Playful and Poetic

Chaos: The origin, the germ of creation; a group of students, international, diverse, hybrid, the non-essentializing dialectic between East and West.Coincidence: Who could have guessed that a photo might capture, with the lightest touch, such unexpected light, such an original angle, such a brush of texture on texture?Crossroads: We wanted to go past dichotomies, to work from the center where selves cross and blur.Crystal: A filter can help us to see better, a creative response to a creative technology, a means drawn from a means which is actually meaningful.

Creative Responses to Technology 



How can technology’s focus on ideas with an application be reconsidered or even embraced, rather than rejected? Does a sense of play create possibility, a way to begin thinking? What kind of thinking are we talking about, and where could this thinking take place? What can creative responses to technology look like? Can our own experiences become an origin that allows us to perform philosophy? In other words, how is “doing” a form of “knowing”? We are interested in exploring how performative philosophy can treat being-in-the-world not as a timeless essence, but as a process of ongoing action, where epistemological models of technology serve as a starting point, yet take on new forms that we ourselves initiate to reconsider relationships with nature, sensory knowledge and senses of existence. A poetic approach verging on play might engage in telling experiences, finding examples, reflecting on concepts and expressions, acting out abstract ideas, incorporating non-Western traditions of philosophy, and considering the functional and the dysfunctional.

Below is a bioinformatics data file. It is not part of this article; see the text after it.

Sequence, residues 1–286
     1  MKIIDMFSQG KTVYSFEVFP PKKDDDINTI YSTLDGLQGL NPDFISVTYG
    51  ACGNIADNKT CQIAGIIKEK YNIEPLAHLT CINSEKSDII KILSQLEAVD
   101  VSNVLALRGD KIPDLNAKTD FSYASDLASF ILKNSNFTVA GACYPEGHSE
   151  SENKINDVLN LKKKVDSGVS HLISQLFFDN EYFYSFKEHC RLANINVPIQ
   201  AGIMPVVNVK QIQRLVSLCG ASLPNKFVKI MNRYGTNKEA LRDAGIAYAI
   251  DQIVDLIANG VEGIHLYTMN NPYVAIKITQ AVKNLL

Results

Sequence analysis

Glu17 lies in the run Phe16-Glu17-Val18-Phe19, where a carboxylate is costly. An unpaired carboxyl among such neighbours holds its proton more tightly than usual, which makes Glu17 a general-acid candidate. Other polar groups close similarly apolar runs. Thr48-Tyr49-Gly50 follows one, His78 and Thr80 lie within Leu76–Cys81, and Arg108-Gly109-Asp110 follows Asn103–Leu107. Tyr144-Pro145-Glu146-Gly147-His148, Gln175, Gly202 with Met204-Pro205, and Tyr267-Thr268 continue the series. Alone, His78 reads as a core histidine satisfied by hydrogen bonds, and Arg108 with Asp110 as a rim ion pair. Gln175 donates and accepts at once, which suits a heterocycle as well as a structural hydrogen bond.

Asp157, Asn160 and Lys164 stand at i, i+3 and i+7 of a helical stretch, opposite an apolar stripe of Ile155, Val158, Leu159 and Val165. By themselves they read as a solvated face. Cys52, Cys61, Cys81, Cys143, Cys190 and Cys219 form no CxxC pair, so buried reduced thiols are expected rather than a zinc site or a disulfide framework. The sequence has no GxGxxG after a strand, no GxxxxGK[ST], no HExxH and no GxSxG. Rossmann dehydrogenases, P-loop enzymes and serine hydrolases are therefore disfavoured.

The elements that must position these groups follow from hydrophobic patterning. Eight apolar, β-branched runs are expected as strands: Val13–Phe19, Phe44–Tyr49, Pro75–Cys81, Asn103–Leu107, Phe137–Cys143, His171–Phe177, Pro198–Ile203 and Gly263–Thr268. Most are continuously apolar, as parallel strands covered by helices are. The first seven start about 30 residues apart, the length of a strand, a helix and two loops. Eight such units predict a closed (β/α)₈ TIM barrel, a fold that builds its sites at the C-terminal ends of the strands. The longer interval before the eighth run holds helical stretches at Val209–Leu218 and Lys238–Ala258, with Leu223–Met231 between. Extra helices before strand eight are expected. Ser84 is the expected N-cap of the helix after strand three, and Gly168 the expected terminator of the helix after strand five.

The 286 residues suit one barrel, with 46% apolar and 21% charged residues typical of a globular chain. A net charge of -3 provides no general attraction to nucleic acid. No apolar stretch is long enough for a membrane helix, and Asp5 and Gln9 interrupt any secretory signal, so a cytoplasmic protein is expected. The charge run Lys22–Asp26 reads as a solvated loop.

Our LEARN (Learning Environment and Research Nucleus) within the student project School of Commons embarked on a journey to explore these questions, working out poetic approaches to our technological age that are open to ludic reflection, captured in Polaroids. Let us have them “speak” for themselves.

Jessica Sequeira is completing a PhD at the Centre of Latin American Studies at the University of Cambridge; she is also a writer and translator. Her works include the novel “A Furious Oyster”(Dostoyevsky Wannabe), the collection of stories “Rhombus and Oval” (What Books) and the collection of essays “Other Paradises: Poetic Approaches to Thinking in a Technological Age” (Zero Books).

Jörg Sternagel ( has been a Postdoc Researcher at the Institute for Critical Theory at the Zurich University of the Arts since 2016. Since the winter semester 2018/2019, he has represented the Interim Professor at the University of Applied Sciences Europe, Campus Berlin. His work focuses on theories of alterity and the performative, imagery and mediality, and the philosophy of existence. His latest publications include the monograph “Pathos des Leibes. Phänomenologie ästhetischer Praxis” (Zürich/Berlin 2016) and the co-edited collection “Gegenstände unserer Kindheit. Denkerinnen und Denker über ihr liebstes Objekt” (Paderborn 2019).

Yris Apsit, Matthias Bernhardt, Joanne Ho, Shabnam Khan, Iswar Parida, Jayanti Sahoo, Andri Schatz, Simon Schwyzer
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